LARA GALEA Creative Technologist The Bus’t a Move project was created with the intention of introducing an element of play to public transport in Auckland, specifically on buses. I was interested in seeing how I could challenge the anti-social and zombie-like behaviour of passengers and potentially transform what’s seen as the mundane experience of catching public transport in to a daily highlight for commuting Aucklanders. I came across the Proxemic Theory, in which Hall (1966) explains how when passenger’s intimate zone of 45cm proximity is crossed by someone outside of a strong intimate relationship, such as a family member or close friend, they react in highly defensive manner, feeling significantly uncomfortable. This results in passengers tensing muscles, avoiding eye contact and using objects as defense mechanisms (books, phones, bags etc). Thomas (2009) mentions that by encouraging positive social behaviours, like eye contact, smiling, laughter and open body language, the discomfort of having their interpersonal boundary crossed disappears. So my aim, has been to pin point how to encourage that positive passenger behavior through a playful and interactive approach. My main inspirations for this project have been behavioural experiments involving Pushbuttons in public spaces by the MIT team in “PushButton” and the work done with laughter, sound and movement in “Soundbike”. Through play-testing and reflection, I’ve learnt how universal and effective sound can be for passengers when used in a humorous and interactive approach. My first iteration for the project involves a large, attention-drawing push button that, when pressed, plays random, humorous sounds like laughter, farting, theme songs and animal noises. Although simple in design, the button meets my aims of encouraging positive passenger behaviour to the bus, by being interactive, humorous, unique and through it’s involvement of many passengers. This is a basic iteration for the Bus’t a Move project. Future iterations could explore ways to introduce collaboration among passengers, and ways in which the bus itself could become a more playful space, such as bubble machines mounted externally on the bus, that blow bubbles whenever the pushbuttons on board are pressed.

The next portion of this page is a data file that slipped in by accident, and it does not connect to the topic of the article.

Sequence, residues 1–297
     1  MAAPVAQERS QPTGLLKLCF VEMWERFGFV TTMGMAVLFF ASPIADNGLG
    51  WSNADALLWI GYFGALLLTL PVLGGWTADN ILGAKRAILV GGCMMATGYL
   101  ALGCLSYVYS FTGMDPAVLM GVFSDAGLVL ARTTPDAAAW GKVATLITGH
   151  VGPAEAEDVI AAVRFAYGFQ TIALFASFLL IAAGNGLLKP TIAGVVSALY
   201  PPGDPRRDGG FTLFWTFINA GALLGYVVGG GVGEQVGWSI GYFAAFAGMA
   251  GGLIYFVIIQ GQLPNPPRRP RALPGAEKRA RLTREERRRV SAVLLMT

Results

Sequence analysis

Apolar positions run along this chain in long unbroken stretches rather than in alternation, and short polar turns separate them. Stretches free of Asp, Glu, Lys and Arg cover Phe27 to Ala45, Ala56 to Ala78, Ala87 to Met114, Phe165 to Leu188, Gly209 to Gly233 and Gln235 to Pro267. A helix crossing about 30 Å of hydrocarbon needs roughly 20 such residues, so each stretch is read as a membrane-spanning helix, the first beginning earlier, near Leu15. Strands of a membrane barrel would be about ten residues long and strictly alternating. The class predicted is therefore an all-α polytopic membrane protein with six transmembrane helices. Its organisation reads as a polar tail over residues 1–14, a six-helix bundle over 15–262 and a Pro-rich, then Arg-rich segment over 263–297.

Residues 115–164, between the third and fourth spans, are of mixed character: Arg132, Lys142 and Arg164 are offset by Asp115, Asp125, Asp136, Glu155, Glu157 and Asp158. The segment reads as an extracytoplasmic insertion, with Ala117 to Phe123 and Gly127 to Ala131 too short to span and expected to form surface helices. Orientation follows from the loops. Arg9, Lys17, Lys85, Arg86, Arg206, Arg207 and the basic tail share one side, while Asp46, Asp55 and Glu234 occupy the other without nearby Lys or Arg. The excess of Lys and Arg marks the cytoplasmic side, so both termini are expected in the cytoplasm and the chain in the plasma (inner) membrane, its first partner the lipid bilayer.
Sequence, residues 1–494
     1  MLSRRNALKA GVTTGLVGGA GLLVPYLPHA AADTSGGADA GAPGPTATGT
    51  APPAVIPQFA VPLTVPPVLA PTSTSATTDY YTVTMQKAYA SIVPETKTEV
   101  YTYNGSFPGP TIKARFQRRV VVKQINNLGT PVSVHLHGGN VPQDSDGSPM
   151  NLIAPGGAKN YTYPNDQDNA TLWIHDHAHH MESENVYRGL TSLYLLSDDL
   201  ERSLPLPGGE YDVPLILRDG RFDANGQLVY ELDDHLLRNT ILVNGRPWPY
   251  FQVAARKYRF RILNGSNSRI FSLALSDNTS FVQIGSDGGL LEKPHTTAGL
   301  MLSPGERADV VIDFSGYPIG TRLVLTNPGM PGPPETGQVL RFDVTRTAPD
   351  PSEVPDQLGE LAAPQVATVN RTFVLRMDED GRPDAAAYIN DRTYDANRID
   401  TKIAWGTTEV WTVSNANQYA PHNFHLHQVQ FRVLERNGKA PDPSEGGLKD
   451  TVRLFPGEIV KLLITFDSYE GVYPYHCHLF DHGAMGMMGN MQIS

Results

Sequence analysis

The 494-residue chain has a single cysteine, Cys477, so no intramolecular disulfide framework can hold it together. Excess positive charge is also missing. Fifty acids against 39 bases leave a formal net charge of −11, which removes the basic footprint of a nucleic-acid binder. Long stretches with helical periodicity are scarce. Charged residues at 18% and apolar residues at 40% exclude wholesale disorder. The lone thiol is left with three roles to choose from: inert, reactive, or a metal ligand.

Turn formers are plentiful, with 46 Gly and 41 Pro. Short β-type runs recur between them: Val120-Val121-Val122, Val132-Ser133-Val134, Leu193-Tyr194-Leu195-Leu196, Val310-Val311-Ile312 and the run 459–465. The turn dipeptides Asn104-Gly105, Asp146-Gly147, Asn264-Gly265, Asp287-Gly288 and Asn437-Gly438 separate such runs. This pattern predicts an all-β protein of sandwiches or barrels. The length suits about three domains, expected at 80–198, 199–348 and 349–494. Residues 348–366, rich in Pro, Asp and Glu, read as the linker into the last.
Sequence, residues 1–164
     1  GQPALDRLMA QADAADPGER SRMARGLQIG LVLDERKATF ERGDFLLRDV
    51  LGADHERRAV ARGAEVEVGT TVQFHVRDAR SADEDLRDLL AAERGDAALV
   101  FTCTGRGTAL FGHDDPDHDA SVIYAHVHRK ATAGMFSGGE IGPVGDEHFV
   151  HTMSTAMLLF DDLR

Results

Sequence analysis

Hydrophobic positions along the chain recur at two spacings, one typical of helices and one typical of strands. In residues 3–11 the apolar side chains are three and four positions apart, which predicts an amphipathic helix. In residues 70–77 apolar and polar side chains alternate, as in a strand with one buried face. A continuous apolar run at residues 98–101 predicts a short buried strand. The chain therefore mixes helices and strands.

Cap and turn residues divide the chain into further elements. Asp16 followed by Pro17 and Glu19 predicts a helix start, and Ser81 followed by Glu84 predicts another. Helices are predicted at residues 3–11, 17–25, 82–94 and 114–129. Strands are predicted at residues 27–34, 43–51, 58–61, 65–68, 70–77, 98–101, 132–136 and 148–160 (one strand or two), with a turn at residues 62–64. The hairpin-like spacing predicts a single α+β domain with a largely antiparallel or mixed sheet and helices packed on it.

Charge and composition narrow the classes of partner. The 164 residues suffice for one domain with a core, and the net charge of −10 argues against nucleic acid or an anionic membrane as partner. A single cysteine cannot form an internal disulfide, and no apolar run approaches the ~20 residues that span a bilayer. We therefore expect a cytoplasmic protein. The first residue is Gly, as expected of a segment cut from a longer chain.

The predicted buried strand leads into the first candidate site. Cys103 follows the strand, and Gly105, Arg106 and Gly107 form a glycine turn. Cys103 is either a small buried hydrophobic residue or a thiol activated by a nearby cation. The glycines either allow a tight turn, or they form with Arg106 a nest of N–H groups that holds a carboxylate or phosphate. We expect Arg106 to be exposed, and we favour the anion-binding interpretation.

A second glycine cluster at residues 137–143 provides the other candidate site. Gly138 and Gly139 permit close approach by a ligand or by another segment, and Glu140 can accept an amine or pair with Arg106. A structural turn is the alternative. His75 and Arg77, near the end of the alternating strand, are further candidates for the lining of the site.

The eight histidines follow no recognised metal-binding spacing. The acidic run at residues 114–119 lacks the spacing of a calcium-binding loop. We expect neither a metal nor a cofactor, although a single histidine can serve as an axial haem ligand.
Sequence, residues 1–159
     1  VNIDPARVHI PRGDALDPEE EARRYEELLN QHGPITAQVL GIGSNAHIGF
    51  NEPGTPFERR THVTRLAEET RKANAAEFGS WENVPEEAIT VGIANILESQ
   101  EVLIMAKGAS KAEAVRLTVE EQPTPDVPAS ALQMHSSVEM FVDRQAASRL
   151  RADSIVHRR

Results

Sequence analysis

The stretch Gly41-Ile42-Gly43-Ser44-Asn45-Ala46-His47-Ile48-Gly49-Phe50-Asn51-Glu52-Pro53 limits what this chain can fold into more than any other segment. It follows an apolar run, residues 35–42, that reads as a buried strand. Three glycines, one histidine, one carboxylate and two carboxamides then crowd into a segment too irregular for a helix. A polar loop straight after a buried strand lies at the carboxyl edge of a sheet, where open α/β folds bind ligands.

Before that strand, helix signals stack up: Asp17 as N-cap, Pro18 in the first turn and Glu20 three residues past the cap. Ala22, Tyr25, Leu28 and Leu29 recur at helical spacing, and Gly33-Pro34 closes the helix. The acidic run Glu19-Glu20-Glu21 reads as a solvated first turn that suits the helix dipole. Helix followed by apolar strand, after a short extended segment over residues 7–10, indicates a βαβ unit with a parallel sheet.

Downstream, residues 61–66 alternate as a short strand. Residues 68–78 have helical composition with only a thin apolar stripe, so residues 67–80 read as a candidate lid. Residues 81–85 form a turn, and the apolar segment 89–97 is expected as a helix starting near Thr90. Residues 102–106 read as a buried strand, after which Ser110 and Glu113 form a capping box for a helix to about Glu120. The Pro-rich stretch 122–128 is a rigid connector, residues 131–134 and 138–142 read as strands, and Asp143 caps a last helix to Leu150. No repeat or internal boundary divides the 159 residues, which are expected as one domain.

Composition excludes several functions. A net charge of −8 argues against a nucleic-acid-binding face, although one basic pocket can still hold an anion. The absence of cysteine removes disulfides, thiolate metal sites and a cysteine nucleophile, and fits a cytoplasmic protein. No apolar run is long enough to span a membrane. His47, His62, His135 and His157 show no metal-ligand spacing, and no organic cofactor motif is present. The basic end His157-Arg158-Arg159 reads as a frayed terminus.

Hall, E. T. (1966). The hidden dimension. Garden City, NY: Doubleday 

Plusea. (2010). Retrieved from Push Button Thomas, J. (2009). The Social Environment of Public Transport (Doctoral dissertation, Victoria University of Wellington, Wellington, New Zealand).

Thompson, J. (n.d.). Soundbike. Retrieved from

 A project encouraging play in Auckland's Public Transport buses through interactive sound pushbuttons.